Antennas are more powerful, but what about the foundation?
Throughout history, and even in the recent past, many structures have not survived the test of time, regardless of how well they were built above ground. There is one very good reason for this: the foundation was not optimal. A well-known example of this is the Leaning Tower of Pisa in Italy. This monument and today’s telecommunications equipment have something in common.
From 3G to 4G… from LTE to LTE-Advanced… the ever-growing need for bandwidth is leading to more complex and more versatile above-ground infrastructures. However, the fact remains that most of this data is being sent to the antennas through fiber optics. This is the foundation. Wireless depends on wireline; a weak wireline foundation will lead to an unreliable wireless infrastructure.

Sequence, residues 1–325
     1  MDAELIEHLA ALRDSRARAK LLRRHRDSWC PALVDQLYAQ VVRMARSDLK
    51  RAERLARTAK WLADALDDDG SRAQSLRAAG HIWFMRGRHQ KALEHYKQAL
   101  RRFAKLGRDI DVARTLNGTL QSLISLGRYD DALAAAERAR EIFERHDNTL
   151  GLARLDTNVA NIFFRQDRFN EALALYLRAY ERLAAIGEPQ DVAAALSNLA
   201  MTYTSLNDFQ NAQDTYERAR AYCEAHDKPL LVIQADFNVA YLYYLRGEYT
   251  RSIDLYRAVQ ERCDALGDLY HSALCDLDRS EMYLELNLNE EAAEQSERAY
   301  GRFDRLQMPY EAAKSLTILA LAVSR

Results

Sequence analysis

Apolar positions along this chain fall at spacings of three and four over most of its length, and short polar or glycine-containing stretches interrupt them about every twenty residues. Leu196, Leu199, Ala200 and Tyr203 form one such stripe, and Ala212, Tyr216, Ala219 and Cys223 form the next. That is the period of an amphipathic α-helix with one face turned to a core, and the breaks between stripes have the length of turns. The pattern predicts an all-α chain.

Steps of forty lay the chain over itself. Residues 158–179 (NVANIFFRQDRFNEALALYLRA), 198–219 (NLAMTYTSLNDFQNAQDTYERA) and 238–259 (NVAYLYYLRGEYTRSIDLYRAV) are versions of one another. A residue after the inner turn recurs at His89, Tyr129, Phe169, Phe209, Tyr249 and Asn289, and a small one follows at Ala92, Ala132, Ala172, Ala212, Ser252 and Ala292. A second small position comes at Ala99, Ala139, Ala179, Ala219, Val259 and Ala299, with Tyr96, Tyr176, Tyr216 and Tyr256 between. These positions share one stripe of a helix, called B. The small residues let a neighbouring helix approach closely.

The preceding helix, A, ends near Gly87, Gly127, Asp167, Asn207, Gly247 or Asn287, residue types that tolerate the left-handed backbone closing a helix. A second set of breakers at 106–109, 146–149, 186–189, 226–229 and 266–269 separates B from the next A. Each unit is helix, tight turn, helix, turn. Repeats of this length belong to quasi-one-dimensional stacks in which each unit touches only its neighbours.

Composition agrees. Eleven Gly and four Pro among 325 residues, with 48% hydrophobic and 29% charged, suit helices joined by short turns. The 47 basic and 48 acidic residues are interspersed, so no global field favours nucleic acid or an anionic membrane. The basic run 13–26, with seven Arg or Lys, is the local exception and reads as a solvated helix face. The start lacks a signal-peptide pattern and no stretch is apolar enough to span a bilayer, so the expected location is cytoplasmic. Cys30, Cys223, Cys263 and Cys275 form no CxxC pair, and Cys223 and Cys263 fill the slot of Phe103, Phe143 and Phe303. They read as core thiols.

Several studies have shown that approximately 80% of fiber-optic network failure comes from connector-related issues. Loss is the single greatest challenge that the fiber-to-the-antenna (FTTA) infrastructure must overcome. For this reason, advances in wireless technology will require extra attention, and changes to deployment best practices are to be expected. Inspecting connector endfaces, checking for loss as well as locating and correcting any faults present will become de facto tasks.
Given the high bandwidth proposed by LTE-A, the fiber infrastructure will have to be qualified not only for loss, but for its capacity to transmit at high bit rates. Will the fiber be able to carry that capacity, whether it is transmitted in TDM, CWDM or DWDM?
Indeed, the trend in wireless is to offer better coverage and more bandwidth, but the impacts on the wireline infrastructure are real and will need to be addressed.